Another great tax payer funded report/paper weight, to be announced today by the retiring Liberal Victorian senator Judith Troeth, the Greens senator Christine Milne and the Independent Nick Xenophon, finds a 100 per cent renewable plan by 2020 would cost $37 billion a year, in public and private money - or 3 per cent of Gross Domestic Product.
It will be interesting reading given that the report suggests that 60 per cent of the target will come from base load solar-thermal plants, which is hard to imagine given there is not one utility scale plant built in Australia. Also the other 40 per cent is said to be generated by wind turbines that are not totally proven in the current market place.
The report is the result of a research collaboration between an environment group, Beyond Zero Emissions, and Melbourne University’s Energy Research Institute, with input from engineering firm Sinclair Knight Merz.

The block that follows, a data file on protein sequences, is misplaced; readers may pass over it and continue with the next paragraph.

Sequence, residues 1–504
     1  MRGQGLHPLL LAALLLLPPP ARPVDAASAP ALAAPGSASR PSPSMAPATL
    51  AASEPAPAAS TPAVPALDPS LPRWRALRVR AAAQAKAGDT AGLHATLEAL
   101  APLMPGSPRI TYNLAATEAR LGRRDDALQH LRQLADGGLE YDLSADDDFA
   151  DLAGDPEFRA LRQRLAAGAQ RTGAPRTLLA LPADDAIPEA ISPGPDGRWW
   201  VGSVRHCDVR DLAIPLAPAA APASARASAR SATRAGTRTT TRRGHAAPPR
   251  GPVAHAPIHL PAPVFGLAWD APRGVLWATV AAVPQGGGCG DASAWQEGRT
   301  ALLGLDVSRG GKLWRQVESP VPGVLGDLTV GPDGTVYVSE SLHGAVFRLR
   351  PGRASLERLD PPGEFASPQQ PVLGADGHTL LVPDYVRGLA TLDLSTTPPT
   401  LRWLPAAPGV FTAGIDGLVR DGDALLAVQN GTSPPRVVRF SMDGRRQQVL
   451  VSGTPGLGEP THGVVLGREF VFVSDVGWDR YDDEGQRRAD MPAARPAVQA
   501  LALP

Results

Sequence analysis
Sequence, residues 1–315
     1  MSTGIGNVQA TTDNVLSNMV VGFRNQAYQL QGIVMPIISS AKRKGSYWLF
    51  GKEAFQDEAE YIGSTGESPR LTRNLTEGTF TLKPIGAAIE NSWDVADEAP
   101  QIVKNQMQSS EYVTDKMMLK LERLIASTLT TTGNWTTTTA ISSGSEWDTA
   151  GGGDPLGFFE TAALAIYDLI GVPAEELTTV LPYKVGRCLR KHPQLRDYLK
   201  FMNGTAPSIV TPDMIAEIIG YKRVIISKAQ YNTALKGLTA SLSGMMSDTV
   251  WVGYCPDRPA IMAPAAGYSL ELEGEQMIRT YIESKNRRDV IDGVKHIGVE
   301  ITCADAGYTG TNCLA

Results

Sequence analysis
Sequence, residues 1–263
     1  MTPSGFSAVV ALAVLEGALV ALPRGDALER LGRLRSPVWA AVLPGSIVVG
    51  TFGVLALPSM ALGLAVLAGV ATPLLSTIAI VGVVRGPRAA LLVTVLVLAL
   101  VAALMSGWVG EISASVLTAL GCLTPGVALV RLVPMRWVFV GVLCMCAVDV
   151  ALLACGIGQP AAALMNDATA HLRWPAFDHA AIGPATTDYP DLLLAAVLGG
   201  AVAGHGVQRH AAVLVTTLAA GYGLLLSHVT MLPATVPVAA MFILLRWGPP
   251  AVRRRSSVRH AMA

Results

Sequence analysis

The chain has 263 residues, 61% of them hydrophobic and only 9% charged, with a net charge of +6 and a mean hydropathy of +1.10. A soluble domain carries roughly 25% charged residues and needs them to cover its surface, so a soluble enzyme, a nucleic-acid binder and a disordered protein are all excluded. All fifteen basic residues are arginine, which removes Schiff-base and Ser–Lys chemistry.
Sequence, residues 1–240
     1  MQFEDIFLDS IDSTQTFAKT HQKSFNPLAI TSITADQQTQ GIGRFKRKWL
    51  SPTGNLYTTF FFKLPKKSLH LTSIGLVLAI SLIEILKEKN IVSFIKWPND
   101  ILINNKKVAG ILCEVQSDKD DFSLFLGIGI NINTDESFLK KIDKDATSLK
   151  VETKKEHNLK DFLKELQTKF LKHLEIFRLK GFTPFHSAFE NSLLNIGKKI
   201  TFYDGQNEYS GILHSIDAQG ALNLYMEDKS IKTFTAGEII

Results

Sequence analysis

Beyond Zero Emission’s director, Matthew Wright, said yesterday the report only included commercially proven technologies, and therefore did not consider geothermal or wave power.
Under the plan 60 per cent of energy would come from base load solar-thermal plants built at 12 sites. The other 40 per cent would be generated by wind energy, with 8000 six-megawatt turbines at 23 sites.
Where wind and solar-thermal does not meet demand during peak times, the report recommends hydro and biomass technologies be used as a backup.
The plan generates 325 terawatt hours of electricity a year, up from the current generation of 228 terawatt hours, to meet energy growth projections to 2020. It is based on the assumption that energy use will halve by 2020 through energy-efficiency measures.
A $92 billion upgrade of the energy grid to help connect renewable projects to the grid and better regulate peak demand would also be needed. The proposed grid upgrade includes linking the country’s three energy grids to form one national grid.